Vici Marketing, LLC v. United Marketing Group, LLC et al

Filing 108

MEMORANDUM Opinion and Order signed by the Honorable Virginia M. Kendall on 7/31/2017. Due to this Court's lack of subject-matter jurisdiction, the Court dismisses the case without prejudice for lack of subject-matter jurisdiction. Mailed notice(lk, )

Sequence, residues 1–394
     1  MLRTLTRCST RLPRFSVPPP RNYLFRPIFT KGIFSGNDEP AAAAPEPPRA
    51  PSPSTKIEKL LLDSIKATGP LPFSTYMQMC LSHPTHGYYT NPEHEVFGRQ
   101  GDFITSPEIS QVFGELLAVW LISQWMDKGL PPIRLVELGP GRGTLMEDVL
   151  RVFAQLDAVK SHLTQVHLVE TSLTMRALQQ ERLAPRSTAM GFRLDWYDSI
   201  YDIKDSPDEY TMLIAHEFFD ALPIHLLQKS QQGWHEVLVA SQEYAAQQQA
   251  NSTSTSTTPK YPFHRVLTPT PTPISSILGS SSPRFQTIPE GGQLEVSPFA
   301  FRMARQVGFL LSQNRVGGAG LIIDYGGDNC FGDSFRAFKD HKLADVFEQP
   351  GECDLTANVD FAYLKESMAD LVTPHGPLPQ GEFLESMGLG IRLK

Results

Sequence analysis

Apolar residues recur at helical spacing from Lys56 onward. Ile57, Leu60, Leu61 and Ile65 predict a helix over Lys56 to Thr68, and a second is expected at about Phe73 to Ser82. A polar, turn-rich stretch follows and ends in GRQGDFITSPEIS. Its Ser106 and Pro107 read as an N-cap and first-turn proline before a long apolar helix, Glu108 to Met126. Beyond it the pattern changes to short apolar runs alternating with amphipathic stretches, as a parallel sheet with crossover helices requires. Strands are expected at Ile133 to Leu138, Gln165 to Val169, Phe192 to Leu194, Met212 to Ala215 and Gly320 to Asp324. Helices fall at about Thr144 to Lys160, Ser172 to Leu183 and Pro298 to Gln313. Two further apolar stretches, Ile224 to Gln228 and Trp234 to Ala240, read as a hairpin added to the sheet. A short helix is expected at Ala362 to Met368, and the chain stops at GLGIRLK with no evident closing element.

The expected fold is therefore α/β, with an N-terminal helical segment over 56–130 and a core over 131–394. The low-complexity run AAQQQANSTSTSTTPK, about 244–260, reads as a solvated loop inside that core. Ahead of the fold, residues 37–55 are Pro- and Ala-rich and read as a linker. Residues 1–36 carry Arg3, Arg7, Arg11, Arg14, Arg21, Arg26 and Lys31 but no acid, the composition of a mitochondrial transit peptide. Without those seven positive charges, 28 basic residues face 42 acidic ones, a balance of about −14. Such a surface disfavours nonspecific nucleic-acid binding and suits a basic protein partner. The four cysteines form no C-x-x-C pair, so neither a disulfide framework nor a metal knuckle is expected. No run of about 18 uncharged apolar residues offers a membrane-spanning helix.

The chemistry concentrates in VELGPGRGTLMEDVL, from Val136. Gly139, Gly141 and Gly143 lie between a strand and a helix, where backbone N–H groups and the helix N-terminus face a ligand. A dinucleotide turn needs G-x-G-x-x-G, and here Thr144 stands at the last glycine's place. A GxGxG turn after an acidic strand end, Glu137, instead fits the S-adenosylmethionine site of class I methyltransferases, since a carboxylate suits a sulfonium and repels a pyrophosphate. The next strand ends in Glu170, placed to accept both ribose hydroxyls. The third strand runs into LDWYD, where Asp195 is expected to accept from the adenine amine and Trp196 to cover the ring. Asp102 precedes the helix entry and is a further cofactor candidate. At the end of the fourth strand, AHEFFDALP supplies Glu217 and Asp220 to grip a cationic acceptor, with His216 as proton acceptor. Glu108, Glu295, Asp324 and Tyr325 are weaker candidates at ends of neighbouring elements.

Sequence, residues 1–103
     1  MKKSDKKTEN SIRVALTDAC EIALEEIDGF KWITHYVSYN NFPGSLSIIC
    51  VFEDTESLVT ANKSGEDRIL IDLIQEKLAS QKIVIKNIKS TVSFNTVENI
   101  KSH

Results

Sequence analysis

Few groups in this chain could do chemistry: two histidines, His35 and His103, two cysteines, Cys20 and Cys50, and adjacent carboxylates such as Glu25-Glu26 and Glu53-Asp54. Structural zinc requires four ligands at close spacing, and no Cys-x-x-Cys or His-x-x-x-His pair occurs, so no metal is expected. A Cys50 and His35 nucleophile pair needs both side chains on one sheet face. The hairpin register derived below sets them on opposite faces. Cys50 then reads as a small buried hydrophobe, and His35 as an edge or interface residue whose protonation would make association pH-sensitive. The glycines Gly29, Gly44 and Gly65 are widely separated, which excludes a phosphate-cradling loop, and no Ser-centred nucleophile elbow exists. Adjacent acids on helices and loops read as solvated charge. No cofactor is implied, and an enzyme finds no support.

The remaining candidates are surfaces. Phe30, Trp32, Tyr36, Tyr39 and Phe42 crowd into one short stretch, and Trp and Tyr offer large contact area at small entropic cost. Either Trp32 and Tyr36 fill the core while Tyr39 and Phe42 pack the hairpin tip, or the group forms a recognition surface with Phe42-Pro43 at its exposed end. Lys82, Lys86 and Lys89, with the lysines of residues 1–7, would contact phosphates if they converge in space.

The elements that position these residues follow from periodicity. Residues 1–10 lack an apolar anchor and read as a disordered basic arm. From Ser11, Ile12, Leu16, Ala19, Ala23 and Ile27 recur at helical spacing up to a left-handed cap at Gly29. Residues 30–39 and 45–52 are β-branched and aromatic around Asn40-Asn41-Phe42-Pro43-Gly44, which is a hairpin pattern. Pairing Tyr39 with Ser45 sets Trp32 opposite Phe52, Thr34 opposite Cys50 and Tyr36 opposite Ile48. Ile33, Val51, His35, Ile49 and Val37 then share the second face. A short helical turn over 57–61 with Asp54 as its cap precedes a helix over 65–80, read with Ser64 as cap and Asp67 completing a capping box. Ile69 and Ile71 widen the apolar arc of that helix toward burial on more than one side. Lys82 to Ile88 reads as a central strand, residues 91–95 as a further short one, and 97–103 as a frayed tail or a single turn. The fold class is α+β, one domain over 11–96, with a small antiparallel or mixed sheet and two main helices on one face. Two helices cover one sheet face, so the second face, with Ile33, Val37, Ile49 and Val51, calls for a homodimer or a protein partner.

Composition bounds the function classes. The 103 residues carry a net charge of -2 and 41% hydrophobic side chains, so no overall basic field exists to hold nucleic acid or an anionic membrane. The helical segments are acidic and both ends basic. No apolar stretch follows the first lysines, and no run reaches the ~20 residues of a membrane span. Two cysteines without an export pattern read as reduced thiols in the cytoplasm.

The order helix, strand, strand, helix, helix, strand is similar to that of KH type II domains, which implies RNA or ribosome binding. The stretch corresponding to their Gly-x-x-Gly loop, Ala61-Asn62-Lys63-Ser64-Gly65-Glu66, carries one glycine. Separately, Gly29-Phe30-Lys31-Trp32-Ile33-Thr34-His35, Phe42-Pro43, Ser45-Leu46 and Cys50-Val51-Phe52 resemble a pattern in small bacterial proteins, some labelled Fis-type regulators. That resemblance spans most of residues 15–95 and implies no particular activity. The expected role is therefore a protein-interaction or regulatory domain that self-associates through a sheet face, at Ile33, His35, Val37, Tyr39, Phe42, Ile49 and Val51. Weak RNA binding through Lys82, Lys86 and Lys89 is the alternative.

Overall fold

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IN THE UNITED STATES DISTRICT COURT FOR THE NORTHERN DISTRICT OF ILLINOIS EASTERN DIVISION ) ) ) ) ) ) ) ) No. 15 C 11614 ) ) Hon. Virginia M. Kendall ) ) ) ) ) ) ) ) ) ) VICI MARKETING, LLC, Plaintiff/CounterclaimDefendant/Third Party Defendant, v. UNITED MARKETING GROUP, LLC, et al., Defendants/CounterclaimPlaintiffs/Third Party Plaintiffs v. SCOTT ROIX, et al., Third Party Defendants. MEMORANDUM ORDER AND OPINION Following cross-motions for summary judgment and during its determination on the pending motions, the Court questioned whether the parties had failed to properly allege this Court’s diversity jurisdiction. As a result, the Court ordered the parties to submit further documentation supporting that the parties are in fact diverse. In response to the Court’s request for additional information regarding the parties’ citizenship (Dkt. 99), both parties have acknowledged that diversity jurisdiction does not exist. (Dkt. 102 at 3; Dkt. 106 at 2.) Facing the possibility of dismissal for lack of jurisdiction, Plaintiff Vici seeks leave to amend its Complaint in order to add a federal question. (Dkt. 101.) For the reasons set forth below, the Court dismisses the case without prejudice for lack of subject-matter jurisdiction. BACKGROUND On December 23, 2015, Plaintiff Vici Marketing, LLC (“Vici”) sued United Marketing Group, LLC (“UMG”), Teleformix, LLC, and SHC Direct, LLC d/b/a/ Inte Q, LLC, alleging several common law claims including breach of contract, unjust enrichment, and tortious interference. (Dkt. 1.) The Complaint alleged that this Court had jurisdiction under § 1332, the diversity jurisdiction statute. (Id. ¶ 5.) Vici made the following statements in support of its jurisdictional allegations: 1) Plaintiff Vici is an LLC organized under the laws of Florida with its principal place of business in Florida; 2) Defendant United Marketing Group is an LLC organized under the laws of Illinois with its principal place of business in Illinois; 3) Defendant Teleformix is an LLC organized under the laws of Illinois with its principal place of business in 1 Illinois; 4) Defendant Inte Q is an LLC organized under the laws of Illinois with its principal place of business in Illinois. (Id. at 1–4.) On February 19, 2016, Defendants filed a Counterclaim (Dkt. 15) against Vici and Scott Roix, the Managing Member of Vici, as well as other entities that have since defaulted out of this lawsuit. The Defendants made precisely the same jurisdictional and citizenship allegations as Vici made in its Complaint. After the close of discovery, the parties submitted cross-motions for summary judgement on November 29, 2016. On March 8, 2017, Defendants/Counterclaim-Plaintiffs sought leave to re-open discovery, (Dkt. 89), which the Court denied on April 10, 2017. (Dkt. 97.) In reviewing motions for summary judgment, on July 6, 2017, the Court recognized that the parties had failed to properly allege citizenship for diversity purposes because most of the parties are LLCs. For LLCs, the proper test of citizenship is not where they are incorporated or where their principal place of business is located. Rather, LLCs are citizens of every state of which their members are citizens. Thomas v. Guardsmark, L.L.C., 487 F.3d 531, 534 (7th Cir. 2007); see also Baez-Sanchez v. Sessions, No. 17-1438, 2017 WL 2927632, at *2 (7th Cir. July 10, 2017) (explaining that in order to properly allege citizenship of an LLC, the parties must “work back through the ownership structure until one reaches either individual human beings or a formal corporation with a state of incorporation and a principal place of business.”). Because the parties failed to allege who the LLCs’ members were and where they were domiciled, the Court was without sufficient information to determine whether diversity jurisdiction existed. As such, the Court required that the parties submit supplemental statements describing how the Court has jurisdiction. (Dkt. 99.) In response to the Court’s order, the Defendants/Counterclaim-Plaintiffs submitted a perfunctory statement (Dkt. 100) that did not provide the requisite information for the Court to determine whether it had jurisdiction. The Court then issued a second order for additional citizenship information (Dkt. 105), in response to which Defendants submitted an additional statement that made clear that parties on both sides of this lawsuit are citizens of Florida. Diversity jurisdiction does not exist because two members of EES Global, LLC, Jeffrey and Gloria Harris, are citizens of Florida. (Dkt. 105) Because EES Global is a member of all of the LLC-Defendants in this case, the LLC-Defendants are citizens of Florida, the same state that Vici and Roix are citizens. Acknowledging the lack of diversity, Plaintiffs allege that Defendants have repeatedly deceived Plaintiffs as to their citizenship and that Defendants have repeatedly admitted to Vici’s jurisdictional allegations throughout the course of this lawsuit. Recognizing that the Court might dismiss the case for lack of jurisdiction and arguing that Defendants have operated in bad faith by failing to disclose their citizenship earlier, Vici and Roix filed a motion seeking leave to amend their Complaint to add a federal question. (Dkt. 1011.) They now seek to add a claim that each Defendant violated the Defend Trade Secrets Act, 18 U.S.C. § 1836, by sharing information from Vici’s “List Provider Consumer” Databases with other Defendants. According to the allegations, Vici provided this list exclusively to UMG, and UMG has since shared this list with the other Defendants in abuse of its agreement with Vici. DISCUSSION 1. The Court Does Not Have Jurisdiction to Permit Plaintiffs’ Amendment. “It is the responsibility of a court to make an independent evaluation of whether subject matter jurisdiction exists in every case.” Foster v. Hill, 497 F.3d 695, 696–97 (7th Cir. 2007). When a court determines that it lacks subject-matter jurisdiction, however, it must dismiss the 2 action in its entirety. Arbaugh v. Y&H Corp., 546 U.S. 500, 514 (2006); Aljabri v. Holder, 745 F.3d 816, 818 (7th Cir. 2014) (“we must dismiss this suit if such jurisdiction is lacking”) (emphasis added); Stewart v. United States, 199 F.2d 517, 519 (7th Cir. 1952) (“It must be fundamental that if a court is without jurisdiction of the subject matter it is without power to adjudicate and the case could be properly disposed of only by dismissal of the complaint for lack of jurisdiction.”); Fed. R. Civ. P. 12(h)(3) (“If the court determines at any time that it lacks subject-matter jurisdiction, the court must dismiss the action”). Dismissal is the only appropriate option when subject-matter jurisdiction is lacking because federal courts are courts of limited jurisdiction and “cannot create jurisdiction where we have none.” Healy v. Metro. Pier & Exposition Auth., 804 F.3d 836, 845 (7th Cir. 2015); see also Evergreen Square of Cudahy v. Wisc. Hous. and Econ. Dev. Auth., 776 F.3d 463, 468 (7th Cir. 2015) (“federal courts possess only that power authorized by Constitution and statute” and that considerations of judicial economy alone do not expand jurisdiction) (citations omitted). As the parties concede, this Court lacks subject-matter jurisdiction. As a result, the Court has no authority to grant Plaintiffs’ Motion for Leave to Amend Their Complaint and must instead dismiss the action without prejudice. Furthermore, 28 U.S.C § 1653, the jurisdictional amendment statute, only allows courts to permit parties to make amendments to inadequate jurisdictional allegations, but does not account for the amendment of defective jurisdictional facts. Newman-Green, Inc. v. AlfonzoLarrain, 490 U.S. 826, 832 (1989); see also Quinn v. McGraw-Hill Cos., 168 F.3d 331, 334 n.1 (7th Cir. 1999) (explaining that a party may correct an inadequate jurisdictional allegation even at a late stage in litigation where the underlying jurisdictional facts relating to diversity had always been sufficient to establish jurisdiction); Held v. Held, 137 F.3d 998, 1000 (7th Cir. 1998) (allowing amendment where parties were actually diverse but Complaint did not properly allege diversity). From the beginning of this case, the Complaint and Counterclaim included inadequate jurisdictional allegations and, as the Court later learned, defective jurisdictional facts. That is, it is not merely that Plaintiffs and Counter-Claimaints provided an inadequate description of the relevant LLCs’ citizenship; rather, had they properly alleged the citizenship of those LLCs, the Court would have been aware that it did not have jurisdiction. Given that the parties are non-diverse, Newman-Green prohibits amendments under § 1653 that would create jurisdiction “where none existed before.” Newman-Green, 490 U.S. at 831; see also Aetna Cas. & Sur. Co. v. Hillman, 796 F.2d 770, 775 (5th Cir. 1986) (“Section 1653 provides a method for curing defective allegations of jurisdiction. It is not to be used to create jurisdiction retroactively where it did not previously exist.”); Boelens v. Redman Homes, Inc., 759 F.2d 504, 512 (5th Cir. 1985) (cited approvingly in Newman-Green, 490 U.S. at 832 n.5) (holding that parties cannot use § 1653 for the purpose of substituting new causes of action over which there would be jurisdiction when there is no jurisdiction over the original claims; Section “1653 is limited to curing technical defects only”); Olympia Exp., Inc. v. Linee Aeree Italiane S.P.A., 437 F.Supp.2d 780, 790 (N.D. Ill. 2006), rev’d on other grounds by 509 F.3d 347 (7th Cir. 2007) (explaining that an “after-the-fact attempt to create federal jurisdiction where none originally existed” constitutes “a misuse of Section 1653”); Holt v. Lockheed Support Sys., Inc., 835 F.Supp. 325 (W.D. La. 1993) (cited approvingly by Stein v. Sprint Commc’ns Co., 968 F.Supp 371, 375 (N.D. Ill. 1997)) (denying amendment to assert federal question jurisdiction where diversity jurisdiction was the original jurisdictional allegation because § 1653 “cannot be invoked to claim an entirely new and distinct jurisdictional basis”). The Court may only allow jurisdictional amendments where the Court had subject-matter jurisdiction over the original claims and parties 3 in the first place, which is not the case here. See, e.g., Lyerla v. Amco Ins. Co., 461 F.Supp.2d 834 (S.D. Ill. 2006) (granting leave to amend inadequate allegations of diversity where it was ambiguous whether the jurisdictional facts were sufficient to create to diversity jurisdiction); Springfield Oil Servs., Inc. v. Mermelstein, 914 F.Supp. 258 (N.D. Ill. 1996) (granting leave to amend pursuant to § 1653 where diversity actually existed but was improperly alleged). 2. Even if the Court had Jurisdiction, Amendment is Not Appropriate. Even if the Court could grant Plaintiffs leave to amend, it would still be within its discretion to deny leave due to the undue delay in alleging this federal claim. Under Federal Rule of Civil Procedure 15(a)(2), the Court must grant leave to amend a complaint when justice so requires. However, it is inappropriate for the Court to grant such leave when “there is undue delay, bad faith, dilatory motive on the part of the movant, [or] repeated failure to cure deficiencies by amendments.” Perrian v. O’Grady, 958 F.2d 192, 194 (7th Cir. 2016). Vici had all the information needed to state its federal trade secrets claim from the beginning of this lawsuit. Discovery has closed, summary judgment has been fully briefed, and no new facts have presented themselves so Vici cannot escape the requirement that amendments be made without “undue delay.” Vici’s failure to amend earlier constitutes an undue delay. See Hukic v. Aurora Loan Servs, 588 F.3d 420, 432 (7th Cir. 2009) (affirming the district court’s decision to deny leave to amend where the information needed to state the claim alleged in the amendment was publically available from the beginning of the lawsuit; “district courts have broad discretion to deny leave to amend where there is undue delay”); Cleveland v. Porca Co., 38 F.3d 289, 297–98 (7th Cir. 1994) (holding that the district court did not abuse its discretion by denying leave to amend after discovery had closed and summary judgement had been fully briefed). Given that the citizenship information and factual bases for Vici’s federal claim have been available to Vici since the beginning of this lawsuit, it is well within the Court’s discretion to deny leave to amend at this late stage of the litigation. CONCLUSION Due to this Court’s lack of subject-matter jurisdiction, this case is dismissed without prejudice. ____________________________________ Hon. Virginia M. Kendall United States District Judge Date: July 31, 2017 4